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The Gospel of Video Games

The Gospel of Video Games

For a home-schooled boy growing up in the church, there is nothing more thrilling than to enter the 6th grade. Not only are you once and for all leaving the trappings of childhood behind, you are, in fact, gaining access to that most mysterious and alluring social circle, the church youth group. For the first time, you find yourself spending time with the coolest of the cool: high-schoolers. If they say something is cool, you’d better believe it’s pretty darn cool.

I remember once overhearing two high-school students conversing in hushed tones.

“I heard you can sleep with a prostitute.”

“I heard you can sleep with her and then kill her and take her money. You can kill her with anything … Even, like, a squeegee or something.”

I was terrified. I had no idea what a squeegee was, and I certainly didn’t want to find out. It was the fall of 2001, and the discussion was inspired by the recent release of Rockstar Games’ Grand Theft Auto 3. In my incredibly limited network of acquaintances, I started hearing more about it.  If the authority figures in my life were to be believed, it was probably the worst game ever conceived by a depraved human mind. I had no idea that it had received widespread critical praise, and I certainly had no idea that it would pave the way for Grand Theft Auto 4; Metacritic’s highest rated game of all time, and a game that was heralded for its mature depiction of the psychological consequences of violence, as well as its satirical parody of the excesses of the American Dream. No, as far as I knew, it and games like it were corrupting an entire generation, rewarding young children for doing terrible things to innocent people. As far as I knew, video games were, at worst, destroying society, and at best, idolatry and a waste of time. Yet I wanted to play them anyway, they were just so fun.

This was the paradox I found myself growing up into. I longed to play video games with everyone else, but I was unable to understand how my Christian faith could co-exist healthily with the games I wanted to play.

For a moment, I want you to forget about whatever you’ve heard about the conflict of faith and games, and simply look at some of the stats surrounding games. Statistics from 2010 show that 68% of US households play video games. More than ⅓ of parents say they play games, and of these, 93% have children who play with them. These gamers play an average of 8 hours a week, and their purchases generated an estimated 10.5 billion dollars of revenue in 2010. This year, blockbuster release Modern Warfare 3 accrued a billion dollars in a mere 16 days, setting the record for best selling anything, ever.

Video games should matter to Christians, because they matter to our culture. The medium is like a screaming infant, begging for attention, and already affecting life as we know it. It’s causing people to reevaluate our understanding of art, sociality, recreation, and even education.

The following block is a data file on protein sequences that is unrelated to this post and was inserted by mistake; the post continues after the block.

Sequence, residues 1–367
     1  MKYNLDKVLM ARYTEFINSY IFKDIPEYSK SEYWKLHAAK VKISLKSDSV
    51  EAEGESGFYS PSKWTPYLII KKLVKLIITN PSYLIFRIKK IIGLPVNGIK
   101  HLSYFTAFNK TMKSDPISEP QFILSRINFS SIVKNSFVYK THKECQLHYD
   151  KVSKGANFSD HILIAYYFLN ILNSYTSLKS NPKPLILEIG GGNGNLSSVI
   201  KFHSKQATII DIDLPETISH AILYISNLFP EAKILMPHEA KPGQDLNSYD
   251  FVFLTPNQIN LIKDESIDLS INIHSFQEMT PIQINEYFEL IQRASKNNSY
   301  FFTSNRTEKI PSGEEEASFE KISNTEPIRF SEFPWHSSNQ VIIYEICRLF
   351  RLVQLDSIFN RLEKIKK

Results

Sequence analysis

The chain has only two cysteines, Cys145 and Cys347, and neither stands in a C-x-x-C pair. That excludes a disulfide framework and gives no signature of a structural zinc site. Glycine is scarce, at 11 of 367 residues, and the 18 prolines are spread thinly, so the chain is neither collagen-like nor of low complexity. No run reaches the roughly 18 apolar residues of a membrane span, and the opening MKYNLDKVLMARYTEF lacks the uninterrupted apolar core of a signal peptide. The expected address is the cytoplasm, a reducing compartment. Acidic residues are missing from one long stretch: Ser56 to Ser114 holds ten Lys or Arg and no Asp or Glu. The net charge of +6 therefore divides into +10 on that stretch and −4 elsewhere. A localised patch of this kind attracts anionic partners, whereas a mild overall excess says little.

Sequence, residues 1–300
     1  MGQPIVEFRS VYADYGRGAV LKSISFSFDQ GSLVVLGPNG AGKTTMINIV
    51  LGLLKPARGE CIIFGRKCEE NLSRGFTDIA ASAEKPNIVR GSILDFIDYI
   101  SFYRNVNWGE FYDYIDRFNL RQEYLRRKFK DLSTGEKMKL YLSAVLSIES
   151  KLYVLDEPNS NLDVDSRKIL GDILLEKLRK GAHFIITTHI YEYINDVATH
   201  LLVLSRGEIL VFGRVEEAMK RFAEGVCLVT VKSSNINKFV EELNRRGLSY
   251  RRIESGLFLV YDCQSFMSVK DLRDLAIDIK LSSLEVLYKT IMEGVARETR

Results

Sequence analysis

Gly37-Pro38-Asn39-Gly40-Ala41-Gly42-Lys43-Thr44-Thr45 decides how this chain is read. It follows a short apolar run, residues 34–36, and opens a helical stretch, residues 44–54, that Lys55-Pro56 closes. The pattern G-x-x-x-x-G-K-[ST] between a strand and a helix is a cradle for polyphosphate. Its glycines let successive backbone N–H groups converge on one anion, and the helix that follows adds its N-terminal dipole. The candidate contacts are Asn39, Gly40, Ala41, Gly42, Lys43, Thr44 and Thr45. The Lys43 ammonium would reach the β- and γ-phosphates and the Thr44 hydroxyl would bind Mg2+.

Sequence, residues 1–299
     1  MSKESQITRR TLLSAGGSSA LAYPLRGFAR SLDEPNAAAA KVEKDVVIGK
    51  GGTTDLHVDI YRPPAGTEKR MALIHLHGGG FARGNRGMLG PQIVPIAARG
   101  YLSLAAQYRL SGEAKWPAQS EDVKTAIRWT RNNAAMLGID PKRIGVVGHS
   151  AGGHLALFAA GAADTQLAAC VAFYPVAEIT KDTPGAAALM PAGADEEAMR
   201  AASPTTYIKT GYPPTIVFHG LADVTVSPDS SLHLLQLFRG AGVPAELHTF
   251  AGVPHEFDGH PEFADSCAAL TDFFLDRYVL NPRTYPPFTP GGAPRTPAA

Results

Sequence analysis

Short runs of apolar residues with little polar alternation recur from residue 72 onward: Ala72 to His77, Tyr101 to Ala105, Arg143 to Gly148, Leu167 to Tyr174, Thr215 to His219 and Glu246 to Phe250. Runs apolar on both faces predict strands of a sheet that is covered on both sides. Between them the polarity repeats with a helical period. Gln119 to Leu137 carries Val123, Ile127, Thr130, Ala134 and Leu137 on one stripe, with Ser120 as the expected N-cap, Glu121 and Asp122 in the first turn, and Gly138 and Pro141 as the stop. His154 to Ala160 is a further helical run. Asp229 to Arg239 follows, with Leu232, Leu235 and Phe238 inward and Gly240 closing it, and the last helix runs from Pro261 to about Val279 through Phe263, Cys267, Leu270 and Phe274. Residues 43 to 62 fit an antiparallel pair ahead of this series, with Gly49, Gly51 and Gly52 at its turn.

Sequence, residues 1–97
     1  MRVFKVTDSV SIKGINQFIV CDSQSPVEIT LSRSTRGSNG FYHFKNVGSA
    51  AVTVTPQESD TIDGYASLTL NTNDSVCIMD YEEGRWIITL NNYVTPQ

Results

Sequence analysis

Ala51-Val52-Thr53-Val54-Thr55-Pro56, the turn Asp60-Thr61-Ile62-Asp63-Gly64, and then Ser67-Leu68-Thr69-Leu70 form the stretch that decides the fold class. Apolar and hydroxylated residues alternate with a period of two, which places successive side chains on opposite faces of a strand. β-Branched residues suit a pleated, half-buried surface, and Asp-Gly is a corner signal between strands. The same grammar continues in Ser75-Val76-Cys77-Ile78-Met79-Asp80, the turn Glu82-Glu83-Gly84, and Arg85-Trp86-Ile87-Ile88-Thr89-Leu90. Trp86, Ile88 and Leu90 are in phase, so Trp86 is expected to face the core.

So what are Christians doing to engage this arena of culture? I asked myself that for years, because I would always hear inspiring stories about Christians who dreamt of bringing Kingdom beauty and truth into mediums like music, literature and film, but when it comes to games, it seems like all we’ve had has been Bible Adventures and, um, Left Behind: Eternal Forces. Games which, someone, somewhere may have enjoyed, but simultaneously were games that fell far short of most people’s standards in terms of almost everything (quality, stability, originality, etc.) except their spotless morals (and not even Left Behind quite measures up in that regard). What has the Church done to engage the massive industry that is video games? Not much, it seems.

It would be easy to become cynical and dismissive. That’s what many Christians have done. Even many of the ones that love games in general have written off the idea of Christians making games. But thank God that there are dreamers and artists, even in the gaming industry. Indeed, not only are there many believers bringing the Kingdom to earth through jobs at major game developers, but there are also people like Chris Skaggs and his team at Soma Games, a group of Christians who are making games for a larger market that just the Christian sub-culture; games filled with themes of truth and grace. They aren’t trying to use games to preach at people, just point them in the right direction.

I recently spoke with Chris (a man who has been described as “The Tolstoy of gaming,” though he would probably prefer a comparison to CS Lewis) about the state of Christianity and games. He sounded like a visionary as he told me clearly of his desire to make quality games that would also bring an invitation to the mystery of the truth to everyone who played them. I asked what other believers could do, beyond making their own games. He said that we can put our money where our faith is, not just in the sense of boycotting Secular Game X, but in the sense of intentionally supporting people like him and others like him. (Did I mention, Soma Games’ second release, Wind Up Robots, was just released for IOS?)

Call me crazy, but I believe that the Kingdom of God can be established in the gaming industry. My prayer is that as more believers become conscientious of the incredible amount of influence that games have in our society, that we would hear less of a protest against what games are doing, and instead begin to hear more hope-filled, joy-filled conversation about what games can do. You can be a part of this. Make a commitment to buy games that mean something, and pray that God’s kingdom would come and his will would be done in the video game industry.

Jordan Ekeroth is Editor of Follow and Engage, an ongoing project to bring attention to the ways that Christians are interacting with video game culture.

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